|Todd the Shoveler|
|A Man and His Cat|
|Bootsy Inspecting the Pavement|
|Visitor for Coffee on the Porch|
And then I watch Todd widen the narrow strip of our driveway from packed snow with his square farm shovel, the one so heavy that I can hardly lift it, the one he likes because it won't break like the plastic ones. Elmira snow is dense--waterlogged last week and now sculpted ice. I want a snow cat.
As if on cue with my rambling thoughts, Bootsy sees Todd pause in his shoveling and she trots to him on the path he's cleared. She is an impressive snow cat. From my bedroom upstairs I can see her tracks in the snow. She hunts the north pasture for buried mice and trails home, passing below my bedroom window.
Bootsy has no complaint about the snow. Her fur is thick and her pads hairy. She's elegant in the snow, this outdoor tuxedo cat. At one time she stayed far from us, rarely making her presence known. Now she's like one of the family. She greets me on the porch and we often share a cup of coffee. She's crazy, my snow cat. Not only does she prowl the snow she also tries to lick at my coffee.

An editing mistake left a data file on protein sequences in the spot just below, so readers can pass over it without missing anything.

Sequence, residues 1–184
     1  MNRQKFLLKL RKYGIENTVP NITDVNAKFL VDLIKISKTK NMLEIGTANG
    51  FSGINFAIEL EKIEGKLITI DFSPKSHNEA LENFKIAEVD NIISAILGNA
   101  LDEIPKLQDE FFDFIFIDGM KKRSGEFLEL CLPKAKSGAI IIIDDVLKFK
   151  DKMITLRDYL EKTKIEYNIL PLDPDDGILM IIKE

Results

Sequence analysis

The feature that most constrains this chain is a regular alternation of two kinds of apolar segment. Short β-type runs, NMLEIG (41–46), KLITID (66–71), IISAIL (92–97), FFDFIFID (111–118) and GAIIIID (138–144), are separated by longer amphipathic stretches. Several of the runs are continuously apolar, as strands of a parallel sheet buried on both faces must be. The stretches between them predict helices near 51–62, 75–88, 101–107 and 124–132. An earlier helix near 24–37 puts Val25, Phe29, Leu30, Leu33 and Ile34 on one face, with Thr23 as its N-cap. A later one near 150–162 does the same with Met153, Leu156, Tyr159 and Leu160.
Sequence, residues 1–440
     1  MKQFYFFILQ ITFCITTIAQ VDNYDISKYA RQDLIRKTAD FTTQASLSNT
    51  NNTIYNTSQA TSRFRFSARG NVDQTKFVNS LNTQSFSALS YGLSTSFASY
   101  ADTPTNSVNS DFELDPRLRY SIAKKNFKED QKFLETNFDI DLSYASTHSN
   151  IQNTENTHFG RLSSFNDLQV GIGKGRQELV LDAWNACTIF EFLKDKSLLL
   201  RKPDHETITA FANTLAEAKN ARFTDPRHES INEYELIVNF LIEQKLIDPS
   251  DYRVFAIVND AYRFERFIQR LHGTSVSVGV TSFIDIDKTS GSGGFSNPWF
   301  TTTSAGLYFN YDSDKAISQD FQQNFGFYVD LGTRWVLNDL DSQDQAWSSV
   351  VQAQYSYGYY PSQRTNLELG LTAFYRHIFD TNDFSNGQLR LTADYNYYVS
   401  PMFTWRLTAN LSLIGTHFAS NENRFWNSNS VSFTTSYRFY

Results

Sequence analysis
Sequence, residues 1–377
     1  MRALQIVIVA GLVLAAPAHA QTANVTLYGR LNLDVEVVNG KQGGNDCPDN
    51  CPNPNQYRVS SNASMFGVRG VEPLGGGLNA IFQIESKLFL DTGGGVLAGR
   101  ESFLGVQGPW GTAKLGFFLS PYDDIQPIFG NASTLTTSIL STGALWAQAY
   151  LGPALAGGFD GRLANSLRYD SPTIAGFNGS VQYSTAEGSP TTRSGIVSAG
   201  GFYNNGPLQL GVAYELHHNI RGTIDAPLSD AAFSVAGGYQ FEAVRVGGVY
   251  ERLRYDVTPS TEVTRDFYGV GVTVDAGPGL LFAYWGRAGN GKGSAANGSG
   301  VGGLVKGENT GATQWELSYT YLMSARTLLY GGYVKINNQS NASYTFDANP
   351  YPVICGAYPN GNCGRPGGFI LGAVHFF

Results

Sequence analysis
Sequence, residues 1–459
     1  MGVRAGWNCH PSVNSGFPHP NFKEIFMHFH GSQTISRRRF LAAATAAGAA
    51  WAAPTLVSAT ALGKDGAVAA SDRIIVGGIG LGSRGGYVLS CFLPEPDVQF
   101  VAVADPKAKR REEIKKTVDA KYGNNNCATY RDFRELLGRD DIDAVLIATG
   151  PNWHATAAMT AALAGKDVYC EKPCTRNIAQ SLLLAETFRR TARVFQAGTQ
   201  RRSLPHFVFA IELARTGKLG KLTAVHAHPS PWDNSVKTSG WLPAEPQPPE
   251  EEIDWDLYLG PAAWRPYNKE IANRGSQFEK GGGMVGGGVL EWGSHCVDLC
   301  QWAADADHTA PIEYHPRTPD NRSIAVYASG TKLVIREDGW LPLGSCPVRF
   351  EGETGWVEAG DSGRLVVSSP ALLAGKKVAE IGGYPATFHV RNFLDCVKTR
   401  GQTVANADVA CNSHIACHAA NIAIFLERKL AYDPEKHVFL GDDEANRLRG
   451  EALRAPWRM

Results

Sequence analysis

But Bootsy is not the snow cat I'm wanting. It would be incredible to own the machine that has treads for trundling over snow like a tank, with a plow mounted on front to clear our drive in a few swipes. Todd could even use it to pack his trail from the wood barn and tie the sled behind it to haul our source of heat.
If I had a snow cat, I'd drive out on the pastures and explore the snowshoe rabbit trails, visit my neighbor and look for elk and moose. If I had a snow cat, I'd joy ride the strip of land that runs at the base of the mountain ridge and look for old ranch houses or abandoned moonshine stills.
Bootsy steps up on the porch and I sit. She stands on my lap, kneading my thigh with her claws, purring. And I'm reminded to be satisfied with what I have.
Linking up with Abracabadra for Wordless Wednesday. Photos by Charli Mills.